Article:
Wolk, who also wrote the 2015 streaming book Over the Top, is widely credited with coining the acronym FAST. A number of free streaming platforms had been running ads for years, among them Hulu and Crackle, by the time the streaming boom started to upend the media business in the 2010s. But the spate of live, 24/7 channels seemed like a new variation. “Everybody kept referring to these channels as AVOD, and we thought, ‘That’s really not quite it.’ So, we came up with something we thought was a more accurate description.”

Because of pay-TV commitments, many FAST players leverage familiar brands, but what ends up streaming is a curated version of a channel, not the same feed. Pluto, which Viacom (now Paramount Global) acquired for $340 million in 2019) embraced the live broadcast roots of streaming by deploying an on-screen programming guide, a familiar pay-TV feature eventually replicated by other companies.

Jeff Shultz, Chief Strategy Officer and Chief Business Development Officer, Streaming at Paramount Global, was an advisor to a small startup called Pluto TV as it came out of beta in 2014. “Common knowledge was that Netflix was killing advertising,” Shultz said about the operating environment at the time. Pay-TV, which had delivered staggeringly high profit margins for decades, was just beginning its secular decline, while streaming remained almost by definition ad-free. Disney, NBCUniversal and other media companies were still cashing big checks in exchange for funneling films and TV series to Netflix, and were years away from getting into the streaming game at all, much less selling ads there.

While Pluto has prospered as part of Paramount Global, surpassing the $1 billion annual revenue milestone last year, Shultz told Deadline that only about one-quarter of its content comes from in-house suppliers. “It’s still a third-party service,” Shultz said, noting the more than 400 sources of programming. That said, Pluto has been positioned as a synergy tool, with free pop-up channels for Yellowstone or CBS or Showtime series enticing subscribers to the company’s subscription offerings.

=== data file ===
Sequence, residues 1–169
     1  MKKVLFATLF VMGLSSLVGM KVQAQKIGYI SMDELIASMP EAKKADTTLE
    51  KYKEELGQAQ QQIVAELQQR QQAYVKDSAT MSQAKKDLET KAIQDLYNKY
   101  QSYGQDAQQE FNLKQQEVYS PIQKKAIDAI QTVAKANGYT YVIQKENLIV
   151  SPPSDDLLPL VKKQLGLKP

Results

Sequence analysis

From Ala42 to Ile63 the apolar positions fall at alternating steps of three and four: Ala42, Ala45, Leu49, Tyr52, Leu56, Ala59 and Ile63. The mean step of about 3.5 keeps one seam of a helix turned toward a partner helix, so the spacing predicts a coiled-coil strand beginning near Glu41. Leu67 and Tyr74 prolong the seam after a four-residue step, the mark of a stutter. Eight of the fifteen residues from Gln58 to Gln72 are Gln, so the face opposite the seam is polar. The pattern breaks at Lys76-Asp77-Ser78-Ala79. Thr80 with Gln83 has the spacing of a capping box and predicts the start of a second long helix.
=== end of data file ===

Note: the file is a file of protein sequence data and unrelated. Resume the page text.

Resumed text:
What works
“What works in FAST is a well-known franchise – a brand of some sort – that’s highly episodic, a procedural or a sitcom that’s available in very large volume,” Shultz said. The company’s channel dedicated to CSI was “No. 1 the day it launched and has been No. 1 ever since,” the exec noted. “It is the archetype, the perfect FAST channel.” A recent deal put a trove of additional properties from the CBS library – among them Matlock, Andy Griffith, Cheers and Frasier – on Pluto.

In contrast with Roku, which has indicated it is spending in the range of $1 billion a year on original and acquired content, Pluto has thus far foresworn original programming.

“Even in success, you’ve got 10 episodes” in a typical season, Shultz reasoned. “In SVOD, a single movie or single series could drive a subscriber acquisition or avoid a monthly churn, but the only objective in FAST is engagement.” Judy Justice, for example, is a recent addition to the Amazon Freevee lineup as an original strip, but for Pluto and Paramount the best strategy is to lean on the library. “We own the Judge Judy catalog,” Shultz said of the former CBS syndication mainstay. “That’s thousands and thousands of episodes. The idea of starting over and producing them when we have thousands” isn’t viable.

Still, Roku’s Holmes said all of this new growth, at a time when the conventional bundle keeps declining, makes him wonder, “Who’s going to be the TNT of FAST?” The longtime general-entertainment titan of the cable realm has minted billions for Turner and its many corporate parents over the years in large part by aggregating large-scale audiences and persuading distributors and advertisers to pay a premium for it. “We’ve seen that 24/7 channels dedicated to individual shows do well. We have clearly seen that viewers are interested in the space,” Holmes said. In the cable era, he continued, trailblazers like MTV, Nickelodeon, CNN and a few others paved the way before fragmentation made pay-TV packages bulge with hundreds of channels as the 21st century began. “In this case, we’re going the other way,” the exec observes. “There a leveling-up” that could favor whoever finds a way to attain scale.